Get Out

Whereas most regular movie theaters show advertisements, lame trivia, and other generic content before a movie, Alamo Drafthouse theaters have pre-show content that usually relates in some way to the movie you’re about to see. It often has clips from movies with similar themes, featuring other work by the actors or director, pertinent viral videos, and other such content. I didn’t get to see much of the pre-show for Get Out, but I did notice that it included clips from both Guess Who’s Coming to Dinner and The Stepford Wives, and that’s probably about the best combination of two films to describe Get Out.

Chris (played by Daniel Kaluuya) is black. His girlfriend Rose (Allison Williams) is white. They’ve been dating for a few months, and she’s taking him home to meet her parents Dean and Missy (Bradley Whitford and Catherine Keener), who don’t know that he’s black, and he’s very nervous about that. Her parents are both doctors (her dad’s a neurosurgeon and her mom’s a psychologist), so it’s a very affluent home. Dean is especially dad-like in his awkwardness and humor, and everything intended to put Chris at ease only heightens the tension and keeps his blackness at the forefront. And two top it off, their two servants, who also happen to be black, are behaving very weirdly.

There’s really not much that’s remarkable about this movie. The main themes are readily apparent, so there’s very little tension or surprise. It’s not a comedy, but the comedic bits that it contains work pretty well, which was definitely not the case for their previous “comedy” Keanu. But it is trying to be a horror movie, but there just isn’t anything scary or original about it. There are some jump scares, but those are obvious in advance and so are not very effective.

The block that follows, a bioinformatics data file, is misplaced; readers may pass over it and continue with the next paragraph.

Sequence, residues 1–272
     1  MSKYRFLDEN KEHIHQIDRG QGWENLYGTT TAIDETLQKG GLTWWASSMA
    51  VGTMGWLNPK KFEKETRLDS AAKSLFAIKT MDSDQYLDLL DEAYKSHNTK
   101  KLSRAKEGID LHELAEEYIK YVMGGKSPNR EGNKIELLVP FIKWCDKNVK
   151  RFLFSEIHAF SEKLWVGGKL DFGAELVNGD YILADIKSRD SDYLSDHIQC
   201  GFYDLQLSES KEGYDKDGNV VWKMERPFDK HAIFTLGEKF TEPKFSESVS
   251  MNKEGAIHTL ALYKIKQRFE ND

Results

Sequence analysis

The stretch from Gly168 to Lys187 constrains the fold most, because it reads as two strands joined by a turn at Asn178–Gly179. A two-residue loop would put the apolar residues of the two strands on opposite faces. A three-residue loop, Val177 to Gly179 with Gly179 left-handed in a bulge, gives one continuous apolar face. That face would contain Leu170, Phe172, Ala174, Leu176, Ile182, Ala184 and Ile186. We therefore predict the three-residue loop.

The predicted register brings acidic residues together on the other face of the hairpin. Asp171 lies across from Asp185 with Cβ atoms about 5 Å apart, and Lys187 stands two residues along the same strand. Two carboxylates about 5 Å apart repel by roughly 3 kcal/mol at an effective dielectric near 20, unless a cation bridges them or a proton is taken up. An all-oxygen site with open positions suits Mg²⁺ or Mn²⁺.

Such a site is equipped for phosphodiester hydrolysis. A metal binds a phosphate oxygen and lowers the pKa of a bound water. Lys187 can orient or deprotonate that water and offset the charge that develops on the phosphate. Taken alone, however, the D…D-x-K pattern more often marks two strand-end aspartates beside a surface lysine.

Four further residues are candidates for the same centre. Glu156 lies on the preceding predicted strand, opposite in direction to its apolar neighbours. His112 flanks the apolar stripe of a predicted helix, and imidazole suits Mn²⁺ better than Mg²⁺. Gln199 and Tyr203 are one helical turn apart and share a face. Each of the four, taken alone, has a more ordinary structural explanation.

My biggest problems with the movie are the areas in which it simply didn’t make sense, but those are, unfortunately, not something that I can discuss here without going into spoiler territory. That, the constant attempts to shove Microsoft (especially their Bing search engine) down our throats, and the laziness of a story that has nothing we haven’t seen before in much better movies. I was honestly just bored through most of the movie, and frustrated with it after it ended. Maybe if I hadn’t let myself get my hopes up for this one, it wouldn’t have been such a disappointment.